A Costly Epiphany

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A recent article struck my eye as worthy of some comment. It is a story completely ignored in the mainstream media, but fascinating nonetheless.

It reports that Rep. John Mica (R-FL), the very congressman who authored the bill that created the Transportation Security Agency (TSA) after the terrorist attacks of 9/11, is now having second thoughts about his creation. In fact, he now favors dismantling and even privatizing it.

Mica, who heads the House Transportation Committee, is candid in acknowledging that the TSA is now a poster child for the Law of Unintended Consequences. He notes that the agency has metastasized (as government agencies are wont to do). It went from a $2 billion to a $9 billion “enterprise.” And Mica avers with apparent astonishment, “The whole program has been hijacked by bureaucrats.”

This, of course, makes one want to ask Mica whether he can name any government program not hijacked by bureaucrats. But I digress.

Mica rates the performance of the TSA collectively as a “D-,” and calls the agency a “fiasco.” It is purely reactive, he notes. It required all of us who fly to take off our shoes after only one man (Richard Reid) tried putting bombs in his shoes. He also notes that the agents who pat us down (or in some cases feel us up) because of the underwear bomber have failed to detect any threats in ten years.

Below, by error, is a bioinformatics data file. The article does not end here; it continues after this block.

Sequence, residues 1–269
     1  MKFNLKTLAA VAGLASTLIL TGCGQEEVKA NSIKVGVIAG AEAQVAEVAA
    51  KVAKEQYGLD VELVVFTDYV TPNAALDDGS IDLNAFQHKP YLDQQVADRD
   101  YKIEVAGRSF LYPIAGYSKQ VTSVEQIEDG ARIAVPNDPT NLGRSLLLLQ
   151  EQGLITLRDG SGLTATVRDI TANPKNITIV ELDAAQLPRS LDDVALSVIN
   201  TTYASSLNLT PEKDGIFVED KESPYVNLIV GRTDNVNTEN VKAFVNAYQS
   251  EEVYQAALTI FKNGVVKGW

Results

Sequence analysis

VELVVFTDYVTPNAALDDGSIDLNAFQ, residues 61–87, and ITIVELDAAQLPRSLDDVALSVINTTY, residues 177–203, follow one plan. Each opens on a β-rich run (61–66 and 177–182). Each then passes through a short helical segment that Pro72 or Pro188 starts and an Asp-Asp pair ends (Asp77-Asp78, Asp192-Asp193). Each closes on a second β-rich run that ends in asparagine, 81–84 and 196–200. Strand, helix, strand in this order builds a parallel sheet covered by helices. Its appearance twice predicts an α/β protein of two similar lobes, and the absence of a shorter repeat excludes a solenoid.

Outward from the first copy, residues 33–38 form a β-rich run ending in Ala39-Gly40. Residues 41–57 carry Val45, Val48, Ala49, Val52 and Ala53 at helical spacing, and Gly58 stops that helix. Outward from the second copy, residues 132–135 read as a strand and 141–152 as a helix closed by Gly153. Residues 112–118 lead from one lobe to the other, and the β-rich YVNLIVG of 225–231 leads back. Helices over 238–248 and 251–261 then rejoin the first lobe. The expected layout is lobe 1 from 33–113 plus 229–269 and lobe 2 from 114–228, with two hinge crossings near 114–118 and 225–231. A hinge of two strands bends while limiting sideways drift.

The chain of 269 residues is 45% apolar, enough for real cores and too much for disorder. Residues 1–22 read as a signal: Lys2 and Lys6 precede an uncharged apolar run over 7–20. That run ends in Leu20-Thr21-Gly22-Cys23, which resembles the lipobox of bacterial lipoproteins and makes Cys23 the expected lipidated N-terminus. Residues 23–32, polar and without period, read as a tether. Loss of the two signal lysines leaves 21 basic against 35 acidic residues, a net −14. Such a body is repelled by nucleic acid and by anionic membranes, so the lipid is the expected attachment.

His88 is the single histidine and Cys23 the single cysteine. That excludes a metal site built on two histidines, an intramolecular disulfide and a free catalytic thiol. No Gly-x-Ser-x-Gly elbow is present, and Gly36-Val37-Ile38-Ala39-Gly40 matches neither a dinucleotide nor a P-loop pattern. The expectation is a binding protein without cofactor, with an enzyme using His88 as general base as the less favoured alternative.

It cost $1 billion to train the TSA’s 62,000 workers. Mica says he thinks that the agency should have only about 5,000 workers, and do what he originally intended it to do: gather intelligence in order to uncover terrorist threats and inform the airlines and airports.

The article rehearses some of the more egregious incidents in the agency’s history. In 2002, when it hired 30,000 screeners, the $104 million it gave a company to train these workers ballooned to $740 million. One executive for the company was paid $5.4 million for nine months’ work. Some recruiting sessions were held at tony resorts in Colorado, Florida, and the Virgin Islands. Hundreds of thousands of bucks were splurged on valet parking, beverages, and cash withdrawals, including $2,000 for Starbucks coffee and $8,000 for elevator operators. (At least the luxury-class people conducting these sessions were big tippers.)

Add to this the fact that for years the agency failed to track lost passes and uniforms, and the fact that screeners have been arrested for stealing the jewelry, computers, cameras, cash, and credit cards of travelers, and the fact that in 2006, screeners at two of the biggest airports were unable to find 60% of the simulated bombs planted on fake travelers.

So, having learned firsthand about the Law of Unintended Consequences, Mica now believes the TSA should be privatized and focus on intelligence, not screening. It is gratifying to witness the economic education of a public servant. The pity is that his tuition cost so much of our treasure and our liberty.




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Comments

Brian

The US gov't already has an agency supposedly to collect intelligence. And it costs way more than $1 bil. The cost of sending hoards of people, or more accurately, paying off people in places like Yemen, Pakistan,Sudan, etc. is quite expensive to the US taxpayer. And has been done for alot longer than TSA has existed.

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